The Seminar Co-construction and Social Inclusion in Education, which was held on June 25 at FPCEUP, presented the outcomes of the European Project COSI.ed: Co-created Education Through Social Inclusion.

Developed in collaborative partnership with institutions from 5 European countries (Norway, Denmark, Poland, Spain and Portugal), COSI.ed kicked off its activities in 2021, inspired by the outcomes of a previous projects named Marginalisation and Co-created Education (MaCE).

Fruit of the evolution from MaCE to COSI.ed, the main goal of the programme became the enlargement of good practices for social inclusion of young people within the context of vulnerability or risk of abandoning education or training. The focus was put on 4 major aspects: 1) the importance of context; 2) indirect approach; 3) the co-construction of learning and 4) literacy for equality. At the same time, collaborative processes of knowledge construction and decision-making were emphasised, centring the educational process on the relationship between the young person and the educator adult.

Involving the local community

Professors Amélia Veiga and Ana Cristina Torres, both members from FPCEUP’s CIEE, took part in the project, in addition to Professors Eunice Macedo, Sofia Santos and Master’s alumni Mariana Fonseca.

It also included the active participation of young students and professionals from Matosinhos-based Escola de Segunda Oportunidade (ESOM), who were involved in a series of actions, including the promotion of research and learning activities applying the principals of indirect approach and the equality literacy framework; as well as the promotion of Collaborative Competence Groups with the community: young ESOM professionals, Master’s students, political decision-makers and researchers external to the Project.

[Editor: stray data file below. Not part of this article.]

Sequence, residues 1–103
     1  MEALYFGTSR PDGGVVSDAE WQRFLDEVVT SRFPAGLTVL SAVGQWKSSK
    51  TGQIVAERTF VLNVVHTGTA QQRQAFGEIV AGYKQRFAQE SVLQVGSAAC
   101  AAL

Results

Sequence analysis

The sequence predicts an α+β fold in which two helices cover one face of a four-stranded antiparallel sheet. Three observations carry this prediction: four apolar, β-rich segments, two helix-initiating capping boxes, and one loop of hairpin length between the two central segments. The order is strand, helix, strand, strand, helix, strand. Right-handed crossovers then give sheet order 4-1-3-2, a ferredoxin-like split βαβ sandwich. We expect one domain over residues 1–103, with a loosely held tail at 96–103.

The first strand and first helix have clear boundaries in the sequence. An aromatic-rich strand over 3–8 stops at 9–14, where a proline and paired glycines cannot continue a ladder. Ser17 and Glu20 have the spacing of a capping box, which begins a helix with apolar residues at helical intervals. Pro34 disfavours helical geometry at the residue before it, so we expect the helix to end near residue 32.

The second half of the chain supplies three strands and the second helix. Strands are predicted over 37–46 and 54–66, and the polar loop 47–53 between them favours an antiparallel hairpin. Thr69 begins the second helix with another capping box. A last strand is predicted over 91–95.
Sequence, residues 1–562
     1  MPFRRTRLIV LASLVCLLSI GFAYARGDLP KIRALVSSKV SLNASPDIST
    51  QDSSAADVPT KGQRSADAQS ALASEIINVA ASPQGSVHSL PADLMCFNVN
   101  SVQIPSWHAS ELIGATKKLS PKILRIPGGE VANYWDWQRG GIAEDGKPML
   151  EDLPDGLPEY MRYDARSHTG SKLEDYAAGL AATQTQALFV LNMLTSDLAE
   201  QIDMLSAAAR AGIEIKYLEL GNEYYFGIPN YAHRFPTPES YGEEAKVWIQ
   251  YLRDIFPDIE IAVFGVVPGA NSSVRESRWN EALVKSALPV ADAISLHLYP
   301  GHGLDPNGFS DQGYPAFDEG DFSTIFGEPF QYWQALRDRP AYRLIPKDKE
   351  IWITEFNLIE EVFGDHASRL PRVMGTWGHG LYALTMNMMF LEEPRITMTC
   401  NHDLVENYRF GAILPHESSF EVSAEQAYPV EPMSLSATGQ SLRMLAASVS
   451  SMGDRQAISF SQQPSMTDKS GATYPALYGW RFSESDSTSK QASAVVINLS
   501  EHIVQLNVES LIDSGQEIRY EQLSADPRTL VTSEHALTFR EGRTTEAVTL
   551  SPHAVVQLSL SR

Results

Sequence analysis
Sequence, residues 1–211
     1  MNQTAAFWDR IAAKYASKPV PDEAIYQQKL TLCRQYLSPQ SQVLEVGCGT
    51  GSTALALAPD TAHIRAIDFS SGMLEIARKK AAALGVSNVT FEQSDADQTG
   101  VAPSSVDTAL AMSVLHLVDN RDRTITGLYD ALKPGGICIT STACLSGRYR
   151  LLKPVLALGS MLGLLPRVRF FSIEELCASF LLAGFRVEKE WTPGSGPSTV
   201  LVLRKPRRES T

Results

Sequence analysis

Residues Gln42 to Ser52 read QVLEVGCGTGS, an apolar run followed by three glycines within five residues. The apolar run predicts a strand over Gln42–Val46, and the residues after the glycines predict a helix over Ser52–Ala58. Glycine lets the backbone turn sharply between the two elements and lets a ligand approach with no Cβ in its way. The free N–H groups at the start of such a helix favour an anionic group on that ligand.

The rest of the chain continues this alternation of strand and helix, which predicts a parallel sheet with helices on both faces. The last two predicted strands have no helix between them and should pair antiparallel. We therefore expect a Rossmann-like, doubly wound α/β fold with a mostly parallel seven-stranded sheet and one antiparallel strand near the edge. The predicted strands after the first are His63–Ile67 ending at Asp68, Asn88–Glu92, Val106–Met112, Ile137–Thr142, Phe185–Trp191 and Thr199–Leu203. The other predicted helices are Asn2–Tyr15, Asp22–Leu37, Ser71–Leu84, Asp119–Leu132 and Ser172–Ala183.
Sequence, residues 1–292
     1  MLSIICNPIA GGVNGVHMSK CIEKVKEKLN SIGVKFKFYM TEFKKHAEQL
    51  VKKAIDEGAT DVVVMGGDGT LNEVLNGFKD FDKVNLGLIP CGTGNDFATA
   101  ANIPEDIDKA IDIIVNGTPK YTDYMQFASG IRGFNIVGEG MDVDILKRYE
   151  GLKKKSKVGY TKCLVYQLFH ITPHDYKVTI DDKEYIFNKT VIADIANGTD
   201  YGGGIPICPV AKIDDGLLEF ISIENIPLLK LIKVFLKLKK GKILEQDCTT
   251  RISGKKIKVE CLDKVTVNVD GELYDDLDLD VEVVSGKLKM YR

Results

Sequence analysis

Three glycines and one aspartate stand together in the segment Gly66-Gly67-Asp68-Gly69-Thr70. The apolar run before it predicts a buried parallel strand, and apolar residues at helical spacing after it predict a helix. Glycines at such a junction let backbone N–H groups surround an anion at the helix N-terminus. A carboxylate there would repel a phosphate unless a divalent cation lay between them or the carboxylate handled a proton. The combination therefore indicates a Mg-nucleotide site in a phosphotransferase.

Quo vadis, inclusion policies?

O COSI.ed also focused on the comparative analysis of social inclusion policies in the five participating countries, which pointed towards the intersection of the two ideas: on the one hand, the construction of more inclusive societies and, on the other, the promotion of opportunities. In this context, Professor Veiga underlines, “inclusion is looked upon as a social concept; not merely as an educational concept.

In Portugal, some aspects of these Inclusion policies were included, a.o., in the “Education and Training White Paper, which underlined the importance of Life Long Learning and the partnerships with the private sector; or even the Education Legislation 46/86, which imposed compulsory education up to the age of 15, thus promoting equal access.

In order to disseminate good practices, several reports produced over the last three years are now available in English at the COSI.ed website.